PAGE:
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ABN hit with loss ahead of full break-up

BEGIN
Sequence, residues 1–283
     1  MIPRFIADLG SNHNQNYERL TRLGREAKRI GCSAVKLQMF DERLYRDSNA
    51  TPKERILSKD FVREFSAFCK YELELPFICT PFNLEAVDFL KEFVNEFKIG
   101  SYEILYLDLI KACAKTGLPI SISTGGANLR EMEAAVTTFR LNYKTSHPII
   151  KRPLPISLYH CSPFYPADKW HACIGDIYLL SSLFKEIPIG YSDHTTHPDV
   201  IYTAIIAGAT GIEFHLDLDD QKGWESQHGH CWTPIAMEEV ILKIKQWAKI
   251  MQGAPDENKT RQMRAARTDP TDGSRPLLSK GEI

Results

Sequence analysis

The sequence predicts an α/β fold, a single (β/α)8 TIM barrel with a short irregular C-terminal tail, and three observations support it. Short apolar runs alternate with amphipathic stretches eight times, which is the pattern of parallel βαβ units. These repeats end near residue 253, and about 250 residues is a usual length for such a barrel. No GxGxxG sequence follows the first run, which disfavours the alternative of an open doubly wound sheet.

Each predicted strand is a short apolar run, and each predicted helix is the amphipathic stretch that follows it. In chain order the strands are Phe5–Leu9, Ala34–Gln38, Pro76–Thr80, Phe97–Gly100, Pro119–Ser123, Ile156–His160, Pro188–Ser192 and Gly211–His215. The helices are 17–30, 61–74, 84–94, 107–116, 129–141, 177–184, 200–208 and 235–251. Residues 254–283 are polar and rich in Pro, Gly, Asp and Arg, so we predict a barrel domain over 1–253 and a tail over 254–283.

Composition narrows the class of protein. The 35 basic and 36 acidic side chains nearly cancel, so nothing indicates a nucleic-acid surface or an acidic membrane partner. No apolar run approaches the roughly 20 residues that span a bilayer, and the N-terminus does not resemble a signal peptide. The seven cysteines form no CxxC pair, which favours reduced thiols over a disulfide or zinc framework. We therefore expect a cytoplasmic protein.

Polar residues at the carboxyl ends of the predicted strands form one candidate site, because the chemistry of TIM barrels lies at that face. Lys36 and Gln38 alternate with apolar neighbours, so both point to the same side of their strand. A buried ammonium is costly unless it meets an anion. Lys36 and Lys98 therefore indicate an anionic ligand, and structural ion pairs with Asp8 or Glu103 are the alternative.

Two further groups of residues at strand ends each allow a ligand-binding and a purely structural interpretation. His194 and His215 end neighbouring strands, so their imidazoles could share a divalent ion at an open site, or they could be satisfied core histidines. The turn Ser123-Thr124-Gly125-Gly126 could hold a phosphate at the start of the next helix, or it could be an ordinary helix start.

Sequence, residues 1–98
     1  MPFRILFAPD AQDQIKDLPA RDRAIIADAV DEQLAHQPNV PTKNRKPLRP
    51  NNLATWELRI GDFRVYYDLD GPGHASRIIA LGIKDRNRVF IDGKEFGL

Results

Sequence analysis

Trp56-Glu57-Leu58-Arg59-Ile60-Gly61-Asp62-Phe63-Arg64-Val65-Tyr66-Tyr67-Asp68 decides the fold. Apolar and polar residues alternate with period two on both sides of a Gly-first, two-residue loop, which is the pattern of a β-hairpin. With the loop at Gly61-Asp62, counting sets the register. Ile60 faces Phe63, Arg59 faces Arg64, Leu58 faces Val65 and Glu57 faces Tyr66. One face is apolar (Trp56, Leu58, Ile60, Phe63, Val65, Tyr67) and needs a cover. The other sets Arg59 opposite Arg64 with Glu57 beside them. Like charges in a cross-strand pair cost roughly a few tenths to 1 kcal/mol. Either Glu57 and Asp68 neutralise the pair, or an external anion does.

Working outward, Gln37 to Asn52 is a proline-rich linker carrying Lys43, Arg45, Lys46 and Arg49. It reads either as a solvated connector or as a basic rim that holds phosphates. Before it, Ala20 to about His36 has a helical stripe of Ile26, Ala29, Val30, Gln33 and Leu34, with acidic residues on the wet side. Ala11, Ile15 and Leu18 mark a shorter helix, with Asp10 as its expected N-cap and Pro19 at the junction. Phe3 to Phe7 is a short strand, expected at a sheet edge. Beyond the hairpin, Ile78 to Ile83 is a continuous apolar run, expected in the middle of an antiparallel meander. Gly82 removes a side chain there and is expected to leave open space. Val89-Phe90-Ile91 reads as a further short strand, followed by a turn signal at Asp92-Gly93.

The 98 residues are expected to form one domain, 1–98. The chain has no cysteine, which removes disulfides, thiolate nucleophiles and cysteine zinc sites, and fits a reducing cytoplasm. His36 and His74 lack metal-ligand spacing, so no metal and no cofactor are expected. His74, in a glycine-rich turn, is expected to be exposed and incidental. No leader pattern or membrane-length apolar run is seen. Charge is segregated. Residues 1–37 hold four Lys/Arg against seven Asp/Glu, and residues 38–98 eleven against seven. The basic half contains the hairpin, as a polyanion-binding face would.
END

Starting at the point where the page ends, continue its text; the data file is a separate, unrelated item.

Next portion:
ABN AMRO, the Dutch lender now controlled by the state, sank to a first-quarter net loss of &euro;886m (&pound;780m), largely on the back of losses at units now owned by Royal Bank of Scotland, it revealed yesterday.<br /><br />The Dutch bank is in the process of breaking itself up after it was bought last year in a three-way consortium by RBS, Santander and Fortis, which has since been nationalised.<br /><br />The group said it was still on course to achieve a final separation of its operations by the end of the year, but still counted losses of &euro;928m on RBS-owned businesses in its quarterly results.<br /><br />Businesses owned by the Dutch state, primarily retail banking units in the Netherlands, saw earnings of &euro;87m, down from &euro;226m in the same period last year.<br /><br />The break-up will see the creation of two entities, ABN Amro Bank, serving Dutch retail and commercial clients &ndash; as well as international private clients and the international diamond and jewellery trade &ndash; and RBS NV, which will be a part of RBS&rsquo; international lending and transactions services.<br /><br />The Dutch government has promised to combine and then privatise the operations of Fortis and ABN Amro in 2011 or later.<br /><br />Last week, chairman Gerrit Zalm said ABN would cut up to 6,500 jobs and &euro;1.3bn in costs as part of its integration with the nationalised Fortis Bank Nederland.<br /><br />The remainder of the business bought by the consortium is mostly comprised of Latin American banking operations snapped up by Santander.<br /><br />RBS, Santander and Fortis came together to take over ABN Amro in a &euro;70bn deal in 2007, a transaction which has since been acknowledged as an albatross around the neck of RBS, which posted a &pound;24bn loss for 2008. After a crisis of confidence, the Dutch government took over Fortis&rsquo;s local operations, including its interests in ABN Amrp, last October for &euro;16.8bn.<br /><br />The complexity of the two series of transactions is such that the process of separating the ABN Amro businesses acquired by the Dutch state from the businesses acquired by RBS is still ongoing.